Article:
Pollan died in a Cuban hospital of dengue fever and a viral infection, in the end at the mercy of Cuba's collapsing state health system, refusing transfer to an elite medical facility as the publicity-nervous regime offered.

It's hard to imagine the courage that Pollan's simple act of witness took, in a regime that considers going to church a threat to the state.

In Castro's island hellhole, praised by the Hollywood and congressional left, free speech is forbidden. Calling for elections brings a knock on the door at midnight. Trying to leave the island brings prison — even death.

Yet amid this island prison just 90 miles from our shores, Pollan and her friends stood up for truth.

She died without seeing the free Cuba she longed for. Still, the pure flame of her courage changed Cuba in ways large and small, and helped set it on a path of ultimate liberation. RIP. 
Capitol Hill Cubans

Other Voices: Cuba wants U.S. to take its heat

08:40 AM CDT on Wednesday, October 19, 2011
As Cuba continues its crackdown on dissidents and young Cubans complain of no future, the number of Cubans caught at sea or pleading “dry foot” here or at crossings on the U.S.-Mexican border have doubled from last year.
The Castro brothers’ escape valve is operational again. That’s because pressure from within is mounting for change. The island’s disastrous economy (despite Venezuela’s oil giveaways) is a strong factor, say opposition leaders on the island and Cuban Americans who have been in contact with the new arrivals.
Meanwhile, the Obama administration’s attempts to free U.S. Agency for International Development worker Alan Gross (for a “crime” that most everywhere else would have been handled with a fine and a return trip home) have fallen flat.
No surprise there, as Washington has not yet fully understood that Havana has no interest in negotiating better relations with the United States. Its intent remains turning Uncle Sam into the Boogey Man, to take the heat off the regime’s own failings.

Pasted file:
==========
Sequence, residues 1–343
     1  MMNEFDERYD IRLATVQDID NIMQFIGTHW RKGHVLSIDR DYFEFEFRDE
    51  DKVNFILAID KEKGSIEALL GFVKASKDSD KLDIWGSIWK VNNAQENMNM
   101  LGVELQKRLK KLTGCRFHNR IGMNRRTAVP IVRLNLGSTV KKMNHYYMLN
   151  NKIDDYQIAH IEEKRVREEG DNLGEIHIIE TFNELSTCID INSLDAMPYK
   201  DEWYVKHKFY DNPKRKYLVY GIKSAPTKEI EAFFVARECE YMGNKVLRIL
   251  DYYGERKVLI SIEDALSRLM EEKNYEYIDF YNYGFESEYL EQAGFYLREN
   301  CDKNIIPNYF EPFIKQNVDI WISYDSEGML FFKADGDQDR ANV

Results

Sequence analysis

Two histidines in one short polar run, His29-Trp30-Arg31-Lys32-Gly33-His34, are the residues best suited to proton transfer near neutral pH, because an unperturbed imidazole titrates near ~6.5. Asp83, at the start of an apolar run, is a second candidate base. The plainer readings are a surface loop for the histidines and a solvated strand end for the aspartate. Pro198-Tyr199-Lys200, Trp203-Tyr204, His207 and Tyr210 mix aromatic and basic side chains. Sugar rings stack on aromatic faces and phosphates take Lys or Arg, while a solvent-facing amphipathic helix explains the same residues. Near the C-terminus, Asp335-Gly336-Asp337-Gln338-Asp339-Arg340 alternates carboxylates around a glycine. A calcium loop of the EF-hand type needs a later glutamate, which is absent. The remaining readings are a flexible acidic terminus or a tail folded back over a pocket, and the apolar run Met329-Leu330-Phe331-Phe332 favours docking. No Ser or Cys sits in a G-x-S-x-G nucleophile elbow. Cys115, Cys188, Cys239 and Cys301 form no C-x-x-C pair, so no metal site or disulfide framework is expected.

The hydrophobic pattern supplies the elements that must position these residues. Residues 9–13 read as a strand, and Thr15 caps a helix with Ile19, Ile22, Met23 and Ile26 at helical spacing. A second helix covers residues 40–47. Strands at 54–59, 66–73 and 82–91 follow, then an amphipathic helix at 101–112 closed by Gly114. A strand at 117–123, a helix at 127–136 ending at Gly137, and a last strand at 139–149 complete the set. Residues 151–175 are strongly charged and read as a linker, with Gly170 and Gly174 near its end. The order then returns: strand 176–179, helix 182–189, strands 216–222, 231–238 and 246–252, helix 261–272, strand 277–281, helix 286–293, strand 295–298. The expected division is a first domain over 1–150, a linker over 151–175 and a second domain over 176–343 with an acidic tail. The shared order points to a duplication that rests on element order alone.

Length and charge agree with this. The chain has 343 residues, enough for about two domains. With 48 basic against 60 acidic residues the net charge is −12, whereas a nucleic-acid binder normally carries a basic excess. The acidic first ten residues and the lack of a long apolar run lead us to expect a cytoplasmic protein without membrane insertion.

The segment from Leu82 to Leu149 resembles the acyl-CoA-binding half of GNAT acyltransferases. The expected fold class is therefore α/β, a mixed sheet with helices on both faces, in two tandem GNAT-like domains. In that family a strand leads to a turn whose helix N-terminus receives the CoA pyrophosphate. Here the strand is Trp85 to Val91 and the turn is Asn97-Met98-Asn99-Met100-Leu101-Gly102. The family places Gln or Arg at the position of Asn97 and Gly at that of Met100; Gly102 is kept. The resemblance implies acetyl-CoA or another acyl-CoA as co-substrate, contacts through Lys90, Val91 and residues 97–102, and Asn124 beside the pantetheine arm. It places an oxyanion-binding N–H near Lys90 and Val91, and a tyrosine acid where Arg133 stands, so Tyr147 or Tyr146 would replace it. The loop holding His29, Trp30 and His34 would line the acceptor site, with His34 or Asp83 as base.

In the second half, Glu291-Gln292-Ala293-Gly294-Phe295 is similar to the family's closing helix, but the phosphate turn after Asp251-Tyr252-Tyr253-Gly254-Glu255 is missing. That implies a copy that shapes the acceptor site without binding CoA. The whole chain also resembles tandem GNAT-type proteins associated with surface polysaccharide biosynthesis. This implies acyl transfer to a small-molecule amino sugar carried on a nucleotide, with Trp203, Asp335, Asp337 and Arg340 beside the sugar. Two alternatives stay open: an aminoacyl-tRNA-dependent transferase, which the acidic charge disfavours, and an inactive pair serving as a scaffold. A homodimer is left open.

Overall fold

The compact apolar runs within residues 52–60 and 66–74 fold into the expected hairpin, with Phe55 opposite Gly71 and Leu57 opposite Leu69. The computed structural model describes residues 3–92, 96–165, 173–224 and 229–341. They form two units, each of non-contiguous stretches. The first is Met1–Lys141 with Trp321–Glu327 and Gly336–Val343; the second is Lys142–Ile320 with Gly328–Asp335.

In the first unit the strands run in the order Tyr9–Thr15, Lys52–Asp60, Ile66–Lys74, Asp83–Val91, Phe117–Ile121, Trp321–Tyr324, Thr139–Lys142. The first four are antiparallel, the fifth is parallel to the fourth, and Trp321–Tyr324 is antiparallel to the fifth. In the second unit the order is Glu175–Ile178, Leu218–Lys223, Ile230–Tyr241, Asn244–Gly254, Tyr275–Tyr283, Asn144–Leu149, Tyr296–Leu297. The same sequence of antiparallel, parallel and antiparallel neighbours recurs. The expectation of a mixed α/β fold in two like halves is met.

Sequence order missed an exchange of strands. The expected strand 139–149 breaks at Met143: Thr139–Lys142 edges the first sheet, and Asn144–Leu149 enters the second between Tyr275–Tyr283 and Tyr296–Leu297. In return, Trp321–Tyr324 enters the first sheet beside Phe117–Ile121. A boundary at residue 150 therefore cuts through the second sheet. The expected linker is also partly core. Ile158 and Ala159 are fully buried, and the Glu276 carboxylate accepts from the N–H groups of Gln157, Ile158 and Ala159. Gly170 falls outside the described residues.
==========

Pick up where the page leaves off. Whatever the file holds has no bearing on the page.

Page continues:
Bill Richardson, former U.S. ambassador to the United Nations, went to Cuba on an “unofficial” trip looking to bring back Gross, who’s serving an outrageous 15-year prison sentence. Cuba accuses Gross, 62 and ill, of being a spy for bringing communications equipment to Jewish groups in Havana.
Predictably, Richardson returned without him. Just more mind games from a 52-year-old dictatorship worried about the ramifications of the Arab Spring and fearing what technology in the hands of a new generation of Cubans might bring.
Cellphone cameras from Santiago to Havana are capturing growing discontent for the world to see. Brave young women and men are standing on street corners, even on the Capitol steps, to denounce abuses and call for democracy. The protests are gaining in number and in support from average Cubans on the street.
Richardson maintains human rights are improving in Cuba. It’s a shame he didn’t take a few hours out of his dead-end trip to talk with the Ladies in White, who have been beaten and detained, or to speak with the island’s bloggers like Yoani Sanchez.
In Lima last week, a report issued by the InterAmerican Press Association presented a grim picture regarding the harassment of journalists and bloggers in Cuba and women like 34-year-old independent journalist Sonia Garro. She is among a new generation criticizing the Cuban government’s treatment of Afro-Cubans.
Had Richardson met Garro and others who have been beaten, he wouldn’t have expressed surprise that he wasn’t allowed to see Gross or meet with Raul Castro.
According to a recent New York Times report, Richardson was prepared to press the Obama administration to drop Cuba from the State Department’s list of nations that sponsor terror, as a goodwill gesture in exchange for Gross.
But Cuba wants the Cuban Five spies returned for Gross. One already is out on three years’ probation after serving a 13-year sentence.
To compare Gross’ work to help Cubans connect to the outside world to that of Cuban spies who were nosing around military bases like Homestead’s, looking for U.S. secrets, and responsible for the shootdown of the Brothers to the Rescue planes is ludicrous. To talk of removing Cuba from the well-documented list of state sponsors of terror, even more so.
The Miami Herald

Espionage: Old School...LPP Archive...

Espionage: Old School